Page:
The CNN story then moves to quotes from Fr Lombardi and other church spokesman rejecting the accusations made by Horacio Verbitsky. (As an aside, context as to who was making the accusations might be helpful. Verbitsky is a supporter of Pres. Cristina Fernandez Kirchner and late husband Pres. Nestor Kirchner. Pope Francis as cardinal archbishop of Buenos Aires has been a vociferous critic of the Kirchners that has led the fight against gay marriage, abortion, and governmental corruption and incompetence.)

Mr. Szyszkiewicz cites this transition in the CNN story as evidence of editorial bias trumping news reporting.

Nonetheless, the incident led to rumors and allegations that Francis was complicit in the dictatorship’s appalling atrocity — that he didn’t do enough to expose it and perhaps was even partly responsible for the priests’ prolonged detention, said Jim Nicholson, a former U.S. ambassador to the Holy See.

Although the allegations against Francis have never been proved, they continue to haunt him, so much so that the human rights group Center for Legal and Social Studies in Argentina opposes Francis’ selection as pope. During the years of military dictatorship, up to 30,000 students, labor leaders, intellectuals and leftists disappeared or were held in secret jails and torture centers.

The claims against the new pope have cast a shadow over what has otherwise been widely viewed as a positive start for the new pontiff, who has embraced humility and simplicity. As pope, he will have other tough questions to deal with. He takes the helm of a Roman Catholic Church that has been rocked in recent years by sex abuse by priests, and claims of corruption and infighting among the church hierarchy.

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Missing the grasshopper in the stem-cell debate

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Master Po: Ha, ha, never assume because a man has no eyes he cannot see. Close your eyes. What do you hear?

Young Caine: I hear the water, I hear the birds.

Master Po: Do you hear your own heartbeat?

Young Caine: No.

Master Po: Do you hear the grasshopper that is at your feet?

Young Caine: Old man, how is it that you hear these things?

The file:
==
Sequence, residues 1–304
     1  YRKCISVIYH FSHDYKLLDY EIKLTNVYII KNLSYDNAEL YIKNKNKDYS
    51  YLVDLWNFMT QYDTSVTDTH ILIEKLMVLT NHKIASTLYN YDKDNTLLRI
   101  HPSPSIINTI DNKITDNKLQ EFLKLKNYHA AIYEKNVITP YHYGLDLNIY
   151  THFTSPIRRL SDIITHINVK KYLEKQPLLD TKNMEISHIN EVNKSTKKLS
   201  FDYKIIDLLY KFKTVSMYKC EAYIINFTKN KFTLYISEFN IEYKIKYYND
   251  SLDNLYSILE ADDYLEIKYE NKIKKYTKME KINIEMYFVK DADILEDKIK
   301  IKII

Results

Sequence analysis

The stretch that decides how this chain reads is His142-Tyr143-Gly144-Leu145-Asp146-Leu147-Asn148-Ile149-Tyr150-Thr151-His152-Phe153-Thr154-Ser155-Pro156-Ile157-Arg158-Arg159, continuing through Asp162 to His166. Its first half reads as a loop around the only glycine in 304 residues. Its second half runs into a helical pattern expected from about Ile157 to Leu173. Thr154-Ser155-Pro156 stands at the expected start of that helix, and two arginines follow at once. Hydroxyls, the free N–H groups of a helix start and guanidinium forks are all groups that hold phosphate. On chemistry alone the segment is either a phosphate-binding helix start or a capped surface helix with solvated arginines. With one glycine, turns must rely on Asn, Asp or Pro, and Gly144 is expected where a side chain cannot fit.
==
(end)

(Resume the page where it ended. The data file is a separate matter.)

Master Po: Young man, how is it that you do not?

Do you remember “Kung Fu?” From 1972 to 1975 ABC broadcast the story of Caine, a Sino-American Shaolin monk tramping across the old West in search of enlightenment and his half-brother. Following upon the martial arts craze of the early 1970′s, “Kung Fu” also instructed America in the wisdom of the East. Like the Charlie Chan movies of an earlier generation, each episode episode included a faux pearl of oriental wisdom — a philosophical bromide designed to expand the viewer’s conscious.

The deep thought from this episode, young grasshopper, is the distinction between seeing and perceiving. One can see but still be blind to the world around you. Let’s take this lesson and apply it to Wednesday’s reports in the press on the embryonic stem cell vote in the French Senate. (How’s that for a transition …)

In several posts at GetReligion I have lauded the European advocacy model of reporting, where a news story is unashamedly presented from a particular partisan political view. Read the coverage about the same issue in Le Figaro (right), Le Monde (center) and Liberation (left) and you will have a good appreciation of a subject. (So long as they are not talking about the United States.) My accolade for a partisan press is premised on there being a conversation — a dialogue between the reader and the newspapers — where all the facts are presented and disparate interpretations are offered for the intelligent reader to assess.

This model does not work well, however, when newspapers devote different space and resources to a story — or when an important perspective is ignored. Le Figaro, Le Monde and Liration — generally considered to be France’s newspapers of record — offered good first day stories on the Senate vote but fell down in the follow up. The politics were done well, the moral issues were not. Here is some background:

The major newspapers reported that the French Senate on 4 Dec 2012 passed the first reading of a bill to overturn the country’s ban on embryonic stem cell research. In 2004 France outlawed research on fetal stem cells and the ban was re-affirmed on ethical grounds in 2011 by the conservative government. The new Socialist government, however, has backed a bill allowing the research.

The parties of the left, the Socialists, Radicals, Communists, all voted in favor, while the conservatives split. The final vote was 203 to 74 — 63 conservative senators were either not present for the vote, or abstained.

All three of the major French newspapers had extensive quotes from senators for and against the measure. Liberation had the most extensive coverage, Le Figaro the least — but from a journalistic perspective all did a solid job as a reader could understand and assess the arguments proffered by both sides. The government and it supporters held that fetal stem cell research would be a boost to French science, would lead to scientific discoveries that would save lives, and would be strictly regulated by the government allowing no “commodication” of stem cells.

The conservatives said fetal stem cell research was immoral, scientifically unnecessary and contradicted established government policy. From Le Figaro:

« “Il s’agit d’un revirement à 180 degrés » a protesté Dominique de Legge (UMP). « Les cellules souches adultes ne sont-elles pas une alternative crédible à la recherche sur l’embryon? » s’est-il demandé.